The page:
LSU AgCenter Horticulturist
The monarch butterfly has been listed as an endangered species by the International Union for Conservation of Nature on its Red List of Threatened Species. Habitat loss from devastating weather patterns and the use of pesticides have been cited as reasons leading to a severe decline in both the monarch and its host plant, milkweed.
Each year, the monarch population migrates from Canada and northern U.S. to Southern California and Mexico, where they overwinter. According to the Xerces Society, there has been a steep decline of 70% to upward of 95% of the migrating populations.
Monarchs need a few things to help them along their journey. First, the caterpillars need milkweed to feed on. Milkweed (Asclepias spp.) is the exclusive host plant of the monarch butterfly and is essential to the monarch life cycle. Second, the adult butterflies need nectar plants for energy to both breed and migrate. Third, monarchs need an overwintering habitat.
How can you help? Simple changes in the way we all garden can make a large impact for monarch health. One thing is to stop or greatly reduce the use of pesticides in your landscape — especially systemic products and insecticides containing neonicotinoids.
Next, the monarchs need milkweed. Milkweed is an herbaceous, perennial, flowering plant native to North America. It received this name because it exudes a milky substance called latex when their stems are broken. Plants are upright, and flowers occur on tall stems in round clusters that bloom in May through late summer. Milkweed also produces large seedpods 3 to 5 inches long after flowering.
The loss of native milkweed habitats has played a role in the decline of the monarch. Another thing gardeners can do to help increase monarch butterfly populations is to plant native milkweeds. Milkweeds belong to the genus Asclepias, which consists of hundreds of species. In Louisiana, there are a number of native milkweeds for our climate.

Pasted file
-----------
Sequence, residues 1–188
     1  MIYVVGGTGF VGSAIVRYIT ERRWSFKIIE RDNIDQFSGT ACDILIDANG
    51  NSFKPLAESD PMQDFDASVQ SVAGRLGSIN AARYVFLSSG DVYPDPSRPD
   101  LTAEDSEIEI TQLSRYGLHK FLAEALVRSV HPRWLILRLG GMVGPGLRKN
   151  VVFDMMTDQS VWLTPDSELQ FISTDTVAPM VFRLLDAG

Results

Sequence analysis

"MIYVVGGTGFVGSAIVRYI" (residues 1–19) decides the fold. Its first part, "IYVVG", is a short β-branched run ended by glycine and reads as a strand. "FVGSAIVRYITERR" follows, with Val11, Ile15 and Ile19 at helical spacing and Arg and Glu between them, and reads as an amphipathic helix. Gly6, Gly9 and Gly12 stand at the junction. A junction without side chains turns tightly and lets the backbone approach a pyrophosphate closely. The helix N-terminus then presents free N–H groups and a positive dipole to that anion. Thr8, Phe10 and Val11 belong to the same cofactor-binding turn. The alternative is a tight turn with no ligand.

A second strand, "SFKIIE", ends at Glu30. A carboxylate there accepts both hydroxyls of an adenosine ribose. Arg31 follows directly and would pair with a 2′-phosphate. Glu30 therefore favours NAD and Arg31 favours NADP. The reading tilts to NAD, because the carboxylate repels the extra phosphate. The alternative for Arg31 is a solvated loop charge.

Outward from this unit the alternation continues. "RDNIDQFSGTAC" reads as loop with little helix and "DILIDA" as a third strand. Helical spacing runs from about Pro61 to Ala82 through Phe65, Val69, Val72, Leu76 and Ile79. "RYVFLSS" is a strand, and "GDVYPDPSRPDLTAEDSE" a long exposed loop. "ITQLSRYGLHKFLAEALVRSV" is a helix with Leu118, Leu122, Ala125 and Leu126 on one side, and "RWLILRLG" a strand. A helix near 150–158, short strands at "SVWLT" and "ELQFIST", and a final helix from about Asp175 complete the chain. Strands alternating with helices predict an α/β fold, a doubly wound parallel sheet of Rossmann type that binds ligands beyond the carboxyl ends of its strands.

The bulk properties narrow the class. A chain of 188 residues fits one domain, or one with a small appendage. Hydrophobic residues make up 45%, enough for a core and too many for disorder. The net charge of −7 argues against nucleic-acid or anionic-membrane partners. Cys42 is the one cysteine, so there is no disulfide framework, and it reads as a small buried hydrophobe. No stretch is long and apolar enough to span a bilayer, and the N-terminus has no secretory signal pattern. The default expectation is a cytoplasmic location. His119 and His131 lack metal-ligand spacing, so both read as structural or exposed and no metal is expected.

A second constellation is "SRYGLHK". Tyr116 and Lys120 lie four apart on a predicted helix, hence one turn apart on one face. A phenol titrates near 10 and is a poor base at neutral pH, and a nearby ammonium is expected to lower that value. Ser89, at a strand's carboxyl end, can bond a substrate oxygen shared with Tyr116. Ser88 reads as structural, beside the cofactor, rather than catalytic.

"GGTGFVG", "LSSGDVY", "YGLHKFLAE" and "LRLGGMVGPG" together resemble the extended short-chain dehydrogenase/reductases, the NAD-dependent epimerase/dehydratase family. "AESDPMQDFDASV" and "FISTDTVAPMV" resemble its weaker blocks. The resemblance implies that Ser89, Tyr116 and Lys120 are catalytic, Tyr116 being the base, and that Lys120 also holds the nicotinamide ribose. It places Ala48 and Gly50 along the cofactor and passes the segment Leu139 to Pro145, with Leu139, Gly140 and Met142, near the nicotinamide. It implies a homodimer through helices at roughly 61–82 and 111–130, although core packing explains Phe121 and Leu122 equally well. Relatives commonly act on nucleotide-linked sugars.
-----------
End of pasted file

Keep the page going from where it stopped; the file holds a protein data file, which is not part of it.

The most commonly available in Louisiana are aquatic milkweed (Asclepias perennis), butterflyweed (A. tuberosa), common milkweed (A. syriaca), fewflower milkweed (A. lanceolate), swamp milkweed (A. incarnata) and whorled milkweed (A. verticillata). Several of these species can be found at local retail garden centers. In addition, milkweed seed can be purchased on the internet.
You also can save your own seeds from plants. Seedpods set after flowering is complete. Pick the pods as they turn brown and dry. Leave the pods on the plant until they have begun to dry and crack but before they fluff. It is difficult to collect seeds once the fluff, known as floss or silk, has emerged. Let those naturally scatter in the wind.
Perhaps one of the most significant things gardeners can do is to plant a diversity of nectar sources for the butterflies in addition to the milkweed host plants. Adult monarch butterflies rely on a diverse selection of nectar sources from spring through the summer breeding time and into the fall migration. A few suggested plants are beebalm, goldenrods, Joe Pye weed, blazing star, blue mistflower, black-eyed Susan and mountain mint. A complete list can be found on the Xerxes Society website at https://bit.ly/3CipJO6.
Finally, expand your landscapes to include plants that support pollinators from spring through fall. By growing wildflowers, shrubs and trees with overlapping bloom times, you can provide a source of nectar for monarchs. This is perhaps one of the most effective things you can do to help support monarchs and other important pollinators.
Providing a diverse selection of native plants is perhaps one of the most important things you can do to help increase monarch populations. Photo by Heather Kirk-Ballard/LSU AgCenter
Gaillardia is a native plant that provides nectar for migrating monarchs. Photo by Heather Kirk-Ballard/LSU AgCenter
Butterflyweed is a type of milkweed native to Louisiana and very important to the monarch butterfly as a host plant. Photo by Heather Kirk-Ballard/LSU AgCenter
Swamp milkweed (A. incarnata) is an excellent native milkweed for monarch butterflies. Photo by Heather Kirk-Ballard/LSU AgCenter